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Thinking about picking up a used iPhone on eBay? Shop carefully, friends: it's apparently phishing season. The BBC is reporting some auction listings are redirecting to counterfeit eBay login pages -- fronts for phishing scams designed to steal customer usernames and credit card information. The good news is that eBay isn't technically hacked. The online marketplace allows sellers to use scripting to gussy up item listings. Cross-site scripting is generally not allowed, but these scammers are doing it anyway.

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Gravity. More than the name of a killer movie, it's likely something we take for granted every single day. After all, nearly everything we do is reliant on the idea that stuff stays in place when we stop holding it. Astronauts don't have that luxury, however, and when even simple tasks take a ton of effort, something relatively complex like using a 3D printer is even harder. Why would astronauts need one of those? Well, because stuff breaks in space, and replacing a busted part isn't as simple as hitting Home Depot -- just ask the crew of Apollo 13. To help get around that, the folks at Made in Space have designed a 3D printer that circumvents the lack of Earth's gravity when used in orbit. Instead of molten filament essentially "stacking" on itself to form an object like it does planetside, according to The Verge, the Zero-G Printer liquid's surface-tension holds a widget together.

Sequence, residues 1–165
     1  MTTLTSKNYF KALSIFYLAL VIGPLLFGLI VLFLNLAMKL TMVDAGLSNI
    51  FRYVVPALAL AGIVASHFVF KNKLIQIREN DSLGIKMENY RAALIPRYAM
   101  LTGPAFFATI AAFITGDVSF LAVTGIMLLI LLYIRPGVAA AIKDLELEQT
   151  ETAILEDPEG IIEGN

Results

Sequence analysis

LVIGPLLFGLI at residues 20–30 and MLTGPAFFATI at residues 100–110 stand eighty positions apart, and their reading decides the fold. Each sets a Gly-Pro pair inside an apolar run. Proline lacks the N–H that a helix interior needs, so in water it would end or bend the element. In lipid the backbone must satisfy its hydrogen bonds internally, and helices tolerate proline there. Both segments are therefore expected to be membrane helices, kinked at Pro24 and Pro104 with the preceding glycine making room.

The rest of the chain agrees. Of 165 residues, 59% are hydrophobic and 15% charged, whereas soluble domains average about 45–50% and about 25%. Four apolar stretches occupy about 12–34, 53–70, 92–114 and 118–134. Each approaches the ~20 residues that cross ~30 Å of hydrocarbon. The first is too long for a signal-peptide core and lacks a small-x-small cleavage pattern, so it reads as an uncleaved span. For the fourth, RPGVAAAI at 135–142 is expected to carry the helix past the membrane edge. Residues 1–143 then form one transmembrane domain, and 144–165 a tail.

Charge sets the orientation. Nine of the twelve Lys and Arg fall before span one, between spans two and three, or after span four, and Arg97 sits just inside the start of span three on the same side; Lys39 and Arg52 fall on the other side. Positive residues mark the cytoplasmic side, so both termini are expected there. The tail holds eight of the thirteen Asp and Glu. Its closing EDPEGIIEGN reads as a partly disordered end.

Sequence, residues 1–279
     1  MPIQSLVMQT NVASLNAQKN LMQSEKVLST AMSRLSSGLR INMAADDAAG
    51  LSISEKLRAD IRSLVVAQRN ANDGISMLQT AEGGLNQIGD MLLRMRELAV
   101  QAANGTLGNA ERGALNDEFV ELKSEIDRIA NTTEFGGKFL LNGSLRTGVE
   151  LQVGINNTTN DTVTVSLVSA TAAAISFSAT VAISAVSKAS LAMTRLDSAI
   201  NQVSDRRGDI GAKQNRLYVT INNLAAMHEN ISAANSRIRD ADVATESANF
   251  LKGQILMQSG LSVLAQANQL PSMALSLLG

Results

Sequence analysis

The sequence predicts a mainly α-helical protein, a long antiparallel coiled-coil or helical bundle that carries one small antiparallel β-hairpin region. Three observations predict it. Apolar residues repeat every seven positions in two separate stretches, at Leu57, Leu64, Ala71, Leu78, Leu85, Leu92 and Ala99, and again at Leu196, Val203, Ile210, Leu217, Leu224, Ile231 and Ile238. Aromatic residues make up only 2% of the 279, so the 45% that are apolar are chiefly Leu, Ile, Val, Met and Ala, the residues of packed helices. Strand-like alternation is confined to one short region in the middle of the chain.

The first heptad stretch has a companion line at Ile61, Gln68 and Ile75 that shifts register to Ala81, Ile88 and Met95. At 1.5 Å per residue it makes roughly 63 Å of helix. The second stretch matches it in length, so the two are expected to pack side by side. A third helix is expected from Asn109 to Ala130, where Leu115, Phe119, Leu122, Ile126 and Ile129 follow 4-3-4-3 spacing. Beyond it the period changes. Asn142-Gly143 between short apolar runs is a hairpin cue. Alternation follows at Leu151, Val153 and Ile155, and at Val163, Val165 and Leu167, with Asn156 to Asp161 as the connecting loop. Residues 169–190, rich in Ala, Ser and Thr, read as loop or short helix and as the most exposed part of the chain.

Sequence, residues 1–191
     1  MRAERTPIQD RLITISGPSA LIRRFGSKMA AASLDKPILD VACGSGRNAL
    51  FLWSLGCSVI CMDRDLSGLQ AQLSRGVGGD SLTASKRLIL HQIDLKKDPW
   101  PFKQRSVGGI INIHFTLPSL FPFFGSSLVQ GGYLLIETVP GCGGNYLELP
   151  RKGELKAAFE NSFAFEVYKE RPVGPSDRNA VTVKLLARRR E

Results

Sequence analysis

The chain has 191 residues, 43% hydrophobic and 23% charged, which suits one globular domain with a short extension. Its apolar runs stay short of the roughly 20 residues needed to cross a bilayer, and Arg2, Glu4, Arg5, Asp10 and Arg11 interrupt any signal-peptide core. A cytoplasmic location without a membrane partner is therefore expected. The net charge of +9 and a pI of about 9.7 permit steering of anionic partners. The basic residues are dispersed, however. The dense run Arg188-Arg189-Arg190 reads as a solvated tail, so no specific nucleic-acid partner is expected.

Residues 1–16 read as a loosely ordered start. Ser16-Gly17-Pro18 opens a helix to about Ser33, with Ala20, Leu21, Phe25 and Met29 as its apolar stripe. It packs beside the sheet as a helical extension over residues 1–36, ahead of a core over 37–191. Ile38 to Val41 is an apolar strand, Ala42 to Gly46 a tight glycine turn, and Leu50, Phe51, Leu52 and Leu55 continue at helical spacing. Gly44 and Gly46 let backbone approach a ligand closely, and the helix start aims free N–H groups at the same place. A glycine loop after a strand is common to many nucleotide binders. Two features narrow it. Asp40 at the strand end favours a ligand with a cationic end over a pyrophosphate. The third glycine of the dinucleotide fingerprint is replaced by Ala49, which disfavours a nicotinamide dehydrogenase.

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Still don't believe man journeyed to the moon? According to NVIDIA's recreation of the landing site, it definitely happened. But that's not all we have on deck for the weekend. Read on for Engadget's news highlights from the last 24 hours, including a review of a WiFi-enabled crock pot and personality analysis based on your Twitter feed.

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You're running late to a meeting, glaring at your wrist in disbelief that it's fifteen minutes past the hour. Are you really that late? Lifting the watch to your ear you hear the all-too familiar tick of its internal mechanisms. Yes, it works -- and you are indeed late. This scenario could soon be a thing of the past, mostly because the mechanical watches of tomorrow may not tick at all. Researchers at École Polytechnique Fédérale de Lausanne have created a new, silent oscillator that could potentially be used to make watches with fewer mechanical parts.